For the first time the United Nations has alleged that Rwandan forces and local allies participated in a genocide against Hutus sometimes rounding up hundreds of men, women and children at a time and butchering them with hoes and axes, bayoneting them or killing them with hammer blows and forcing thousands more to flee to the Democratic Republic of Congo. (Reuters
CHRIS MCGREAL, LIZZY DAVIES AND XAN RICE -The United Nations has accused Rwanda of wholesale war crimes, including possibly genocide, during years of conflict in the Democratic Republic of Congo.
An unprecedented 600-page investigation by the UN high commissioner for human rights catalogues years of murder, rape and looting in a conflict in which hundreds of thousands were slaughtered.
A draft version of the report, revealed by the French daily newspaper, Le Monde, and expected to be published next month, says the abuses, over a period of seven years and two invasions by Rwanda, amount to "crimes against humanity, war crimes or even genocide" because the principal targets of the violence were Hutus, who were killed in their tens of thousands.
Among the accusations is that Rwandan forces and local allies rounded up hundreds of men, women and children at a time and butchered them with hoes and axes.
On other occasions Hutu refugees were bayoneted, burned alive or killed with hammer blows in large numbers.
It is the first time the UN has published such forthright allegations about Rwanda, a close ally of Britain and the United States.
The Rwandan government reacted angrily to the report this week, dismissing it as "amateurish" and "outrageous", after reportedly threatening to pull out of international peacekeeping missions in an attempt to press the UN not to publish it.
Rwanda's Tutsi leaders will be particularly uncomfortable with the accusation of genocide when they have long claimed the moral high ground for bringing to an end the 1994 genocide in their own country.
But the report was welcomed by human rights groups, which called for the prosecution of those responsible for war crimes.
The report covers two periods: Rwanda's 1996 invasion of the country, then called Zaire, in pursuit of Hutu soldiers and others who fled there after carrying out the 1994 genocide of hundreds of thousands of Tutsis, and a second invasion two years later that broadened into a regional war involving eight countries.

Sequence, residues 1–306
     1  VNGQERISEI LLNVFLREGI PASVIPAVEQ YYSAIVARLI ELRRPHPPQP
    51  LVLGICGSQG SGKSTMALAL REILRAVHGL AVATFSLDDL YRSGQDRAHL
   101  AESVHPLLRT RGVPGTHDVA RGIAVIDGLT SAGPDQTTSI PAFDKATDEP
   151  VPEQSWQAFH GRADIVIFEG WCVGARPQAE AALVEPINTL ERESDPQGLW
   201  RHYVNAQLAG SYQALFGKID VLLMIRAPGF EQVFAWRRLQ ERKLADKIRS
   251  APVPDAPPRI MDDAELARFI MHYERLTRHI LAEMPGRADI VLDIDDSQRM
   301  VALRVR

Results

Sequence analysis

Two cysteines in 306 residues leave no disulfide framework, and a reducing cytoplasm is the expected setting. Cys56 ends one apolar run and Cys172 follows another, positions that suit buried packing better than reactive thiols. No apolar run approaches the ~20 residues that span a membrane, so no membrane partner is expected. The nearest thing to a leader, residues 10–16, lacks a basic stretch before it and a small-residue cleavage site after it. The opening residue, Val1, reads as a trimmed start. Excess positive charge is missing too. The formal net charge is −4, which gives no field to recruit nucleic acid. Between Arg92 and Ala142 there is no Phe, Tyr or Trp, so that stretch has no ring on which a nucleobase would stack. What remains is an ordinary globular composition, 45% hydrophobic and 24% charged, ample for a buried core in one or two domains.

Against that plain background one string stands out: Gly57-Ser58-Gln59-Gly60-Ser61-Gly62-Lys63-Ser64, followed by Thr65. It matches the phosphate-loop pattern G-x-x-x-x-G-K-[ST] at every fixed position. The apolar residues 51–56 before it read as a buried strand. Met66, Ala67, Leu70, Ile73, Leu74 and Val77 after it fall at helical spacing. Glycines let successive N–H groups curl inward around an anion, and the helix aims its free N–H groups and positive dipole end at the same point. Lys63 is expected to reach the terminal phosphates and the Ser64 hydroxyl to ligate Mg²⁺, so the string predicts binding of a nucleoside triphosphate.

Rwanda's attack on Zaire in 1996 was initially aimed at clearing the vast UN refugee camps around Goma and Bukavu, which were being used as cover by Hutu armed forces to continue the war against the new Tutsi-led government in Kigali.
Hundreds of thousands of the more than one million Hutus in eastern Zaire were forced back to Rwanda. Many more, including men who carried out the genocide, but also large numbers of women and children, fled deeper into Zaire. They were pursued and attacked by the Rwandan army and the AFDL, a Zairean rebel group sponsored by Kigali.
The UN report describes "the systematic, methodical and premeditated nature of the attacks on the Hutus [which] took place in all areas where the refugees had been tracked down".
"The extent of the crimes and the large number of victims, probably in the several tens of thousands, are demonstrated by the numerous incidents detailed in the report. The extensive use of non-firearms, particularly hammers, and the systematic massacres of survivors after camps were taken prove that the number of deaths cannot be put down to the margins of war.
"Among the victims were mostly children, women, old and ill people."
The report goes on to say that "the systematic and widespread attacks have a number of damning elements, which, if proved before a competent court, could be described as crimes of genocide".
The UN also says that while Kigali has permitted Hutus to return to Rwanda in large numbers, that does not "rule out the intention of destroying part of an ethnic group as such and thus committing a crime of genocide".
The Zairean army collapsed in the face of the invasion and Rwanda seized the opportunity to march across the country and overthrow the long-standing dictator, Mobutu Sese Seko. Laurent Kabila was installed as president and he changed the name of the country to the Democratic Republic of Congo.
Rwanda invaded again in 1998 after accusing the new regime of continuing to support Hutu rebels. The following five years of war drew in armies from eight nations, as well as 21 rebel groups.
The UN report accuses Angolan forces of using the cover of the war to attack refugees from Angola's conflict-plagued Cabinda province who had fled to the DRC. Angola is accused of "executing all those they suspected of colluding with their enemies". Angolan soldiers also raped and looted, the UN investigation said.
International human rights groups welcomed the UN report and said it should be used to bring the accused to trial. "This is a very important report," said Human Rights Watch. "We hope that it can form the basis for ending the impunity that has protected the people responsible."
The UN's damning conclusions will be embarrassing for Rwanda.
President Paul Kagame's office attempted to dismiss the report. "It's an amateurish NGO job and it's outrageous," said a spokesperson, Yolande Makolo. "Nobody reasonable believes that it's helpful to anybody."
Makolo did not comment on reports that Kagame warned the UN secretary general, Ban Ki-moon, last month that Rwanda would pull its troops out of peacekeeping missions in Darfur and elsewhere if the report was made public.
Rupert Colville, the spokesperson for the UN High Commissioner for Human Rights, said the leaked draft was not the final version and the report had undergone revisions.
But if there are substantial differences, the UN is likely to stand accused of bowing to pressure from Rwanda. -- © Guardian News & Media 2010